It was a long, dangerous trip.  The Magi traveled 1000’s of miles over an 18 month period which means that they probably did not really come to the cave where Jesus was born, but to a home where Jesus was a toddler.  On the way, they dropped by to let Herod know they were on his turf, which was the protocol.  In doing so, they tipped off Herod that a successor was in the wings.  They should have known that this was like throwing fuel onto a fire.  What ruler would be happy to hear that they might be replaced in a few years?  Especially a ruler who was as hateful and filled with suspicion and mistrust as Herod was.

The Magi recognized that Jesus was the savior of the world even when many of the people of Israel, especially the religious leader did not.  And so they responded with gifts and worshiped with joy.  Today, people expect God to come to us, explain himself, prove himself and give US gifts.  But those who are wise still seek and worship Jesus today, not for what they can get but because of who he is.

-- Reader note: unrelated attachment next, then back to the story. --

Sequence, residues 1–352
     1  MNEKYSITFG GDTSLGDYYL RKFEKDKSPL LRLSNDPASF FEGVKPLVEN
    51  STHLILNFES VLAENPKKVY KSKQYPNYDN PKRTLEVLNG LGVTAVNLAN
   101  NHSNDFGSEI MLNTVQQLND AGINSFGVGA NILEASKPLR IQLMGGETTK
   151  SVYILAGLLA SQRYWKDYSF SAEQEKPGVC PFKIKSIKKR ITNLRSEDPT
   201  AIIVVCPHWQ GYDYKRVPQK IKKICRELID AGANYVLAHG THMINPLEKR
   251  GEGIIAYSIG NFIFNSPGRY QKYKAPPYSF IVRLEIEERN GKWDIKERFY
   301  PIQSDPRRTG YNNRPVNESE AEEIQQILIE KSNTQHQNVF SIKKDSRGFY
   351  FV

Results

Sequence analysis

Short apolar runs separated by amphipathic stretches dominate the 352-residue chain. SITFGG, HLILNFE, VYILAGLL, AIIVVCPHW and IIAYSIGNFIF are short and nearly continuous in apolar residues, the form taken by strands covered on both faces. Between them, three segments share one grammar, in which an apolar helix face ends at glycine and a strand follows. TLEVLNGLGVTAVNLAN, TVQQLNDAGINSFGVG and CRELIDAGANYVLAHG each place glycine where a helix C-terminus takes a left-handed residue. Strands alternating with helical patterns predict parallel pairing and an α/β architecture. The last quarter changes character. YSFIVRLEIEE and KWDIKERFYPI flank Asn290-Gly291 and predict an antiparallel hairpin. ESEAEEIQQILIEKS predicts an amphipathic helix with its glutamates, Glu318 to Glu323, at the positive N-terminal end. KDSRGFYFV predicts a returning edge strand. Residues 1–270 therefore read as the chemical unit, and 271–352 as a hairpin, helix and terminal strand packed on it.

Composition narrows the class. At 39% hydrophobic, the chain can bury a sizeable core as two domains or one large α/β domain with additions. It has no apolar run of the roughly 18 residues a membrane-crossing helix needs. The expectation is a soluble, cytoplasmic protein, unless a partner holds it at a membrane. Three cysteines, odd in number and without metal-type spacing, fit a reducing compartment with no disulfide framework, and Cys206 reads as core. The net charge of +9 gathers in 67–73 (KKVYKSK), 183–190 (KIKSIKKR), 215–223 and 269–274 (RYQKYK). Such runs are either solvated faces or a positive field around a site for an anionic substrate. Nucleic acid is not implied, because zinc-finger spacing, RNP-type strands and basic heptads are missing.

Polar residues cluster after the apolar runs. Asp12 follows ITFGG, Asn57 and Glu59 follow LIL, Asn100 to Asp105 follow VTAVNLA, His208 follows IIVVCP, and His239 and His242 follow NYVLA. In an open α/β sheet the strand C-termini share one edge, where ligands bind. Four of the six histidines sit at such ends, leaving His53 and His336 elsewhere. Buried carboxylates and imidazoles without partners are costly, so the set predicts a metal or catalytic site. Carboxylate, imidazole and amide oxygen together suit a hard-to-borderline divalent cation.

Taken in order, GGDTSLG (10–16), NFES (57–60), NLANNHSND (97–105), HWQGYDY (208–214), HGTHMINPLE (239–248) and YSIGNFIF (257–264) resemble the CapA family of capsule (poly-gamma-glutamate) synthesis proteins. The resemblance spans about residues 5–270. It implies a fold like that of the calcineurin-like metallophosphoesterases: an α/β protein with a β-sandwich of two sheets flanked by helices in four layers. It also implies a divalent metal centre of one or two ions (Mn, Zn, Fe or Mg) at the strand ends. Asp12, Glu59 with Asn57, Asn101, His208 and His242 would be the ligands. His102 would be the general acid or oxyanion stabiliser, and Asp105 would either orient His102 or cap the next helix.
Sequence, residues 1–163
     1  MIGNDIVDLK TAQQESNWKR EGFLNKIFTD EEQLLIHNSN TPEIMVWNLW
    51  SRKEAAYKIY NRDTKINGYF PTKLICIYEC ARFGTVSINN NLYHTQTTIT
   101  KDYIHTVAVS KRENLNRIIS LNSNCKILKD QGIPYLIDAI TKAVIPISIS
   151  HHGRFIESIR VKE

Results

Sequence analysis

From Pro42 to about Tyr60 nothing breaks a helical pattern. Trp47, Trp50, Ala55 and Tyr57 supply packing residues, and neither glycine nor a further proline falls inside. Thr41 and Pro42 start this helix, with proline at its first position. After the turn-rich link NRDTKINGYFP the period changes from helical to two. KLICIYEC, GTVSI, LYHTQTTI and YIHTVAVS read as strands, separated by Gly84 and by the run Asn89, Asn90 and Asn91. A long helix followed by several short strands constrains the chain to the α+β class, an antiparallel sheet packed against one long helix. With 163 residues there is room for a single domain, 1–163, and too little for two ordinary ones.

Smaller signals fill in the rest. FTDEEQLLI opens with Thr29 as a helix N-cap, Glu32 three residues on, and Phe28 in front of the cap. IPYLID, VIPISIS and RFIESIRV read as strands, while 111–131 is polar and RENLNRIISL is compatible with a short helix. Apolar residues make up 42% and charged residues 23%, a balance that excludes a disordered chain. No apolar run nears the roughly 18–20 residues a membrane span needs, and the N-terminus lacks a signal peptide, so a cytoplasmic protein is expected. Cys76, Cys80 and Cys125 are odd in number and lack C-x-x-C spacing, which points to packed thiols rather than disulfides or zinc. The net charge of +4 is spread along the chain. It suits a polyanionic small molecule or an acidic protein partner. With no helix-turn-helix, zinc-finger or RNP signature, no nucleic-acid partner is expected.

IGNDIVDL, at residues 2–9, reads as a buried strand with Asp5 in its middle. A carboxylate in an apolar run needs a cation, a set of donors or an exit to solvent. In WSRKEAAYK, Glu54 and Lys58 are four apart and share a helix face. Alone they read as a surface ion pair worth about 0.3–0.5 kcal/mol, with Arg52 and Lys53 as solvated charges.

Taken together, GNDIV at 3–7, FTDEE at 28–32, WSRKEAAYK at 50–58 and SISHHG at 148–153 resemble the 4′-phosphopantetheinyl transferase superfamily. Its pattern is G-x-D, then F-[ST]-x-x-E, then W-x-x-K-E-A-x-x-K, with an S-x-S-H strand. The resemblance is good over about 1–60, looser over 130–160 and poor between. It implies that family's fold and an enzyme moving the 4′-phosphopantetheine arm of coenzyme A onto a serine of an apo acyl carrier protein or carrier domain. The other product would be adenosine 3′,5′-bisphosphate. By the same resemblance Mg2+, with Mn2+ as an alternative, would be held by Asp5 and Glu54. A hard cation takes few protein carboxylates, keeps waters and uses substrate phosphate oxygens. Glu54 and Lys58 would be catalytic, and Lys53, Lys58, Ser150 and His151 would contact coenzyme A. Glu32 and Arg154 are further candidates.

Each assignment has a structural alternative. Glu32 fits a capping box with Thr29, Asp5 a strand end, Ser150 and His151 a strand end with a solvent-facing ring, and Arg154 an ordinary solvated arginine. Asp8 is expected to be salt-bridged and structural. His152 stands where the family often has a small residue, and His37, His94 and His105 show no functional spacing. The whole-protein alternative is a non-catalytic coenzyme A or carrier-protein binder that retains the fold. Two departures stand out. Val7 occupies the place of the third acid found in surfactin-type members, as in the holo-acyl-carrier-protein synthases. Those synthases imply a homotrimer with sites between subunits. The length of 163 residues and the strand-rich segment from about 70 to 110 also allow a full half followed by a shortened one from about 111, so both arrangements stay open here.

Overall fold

How are our gifts like gold, frankincense and myrrh?  Do they represent all aspects of our lives?  These wise men from the east were also scientists who practiced other religions, but God used their desire for God to bring them to himself through Jesus.  Even though their lives were full and busy, the Magi were seeking something great and so they went searching.  For what are we searching?  Where are we looking?  How diligent is our search?  How successful are we?  What are we looking for: wisdom, meaning and purpose, hope, peace, joy?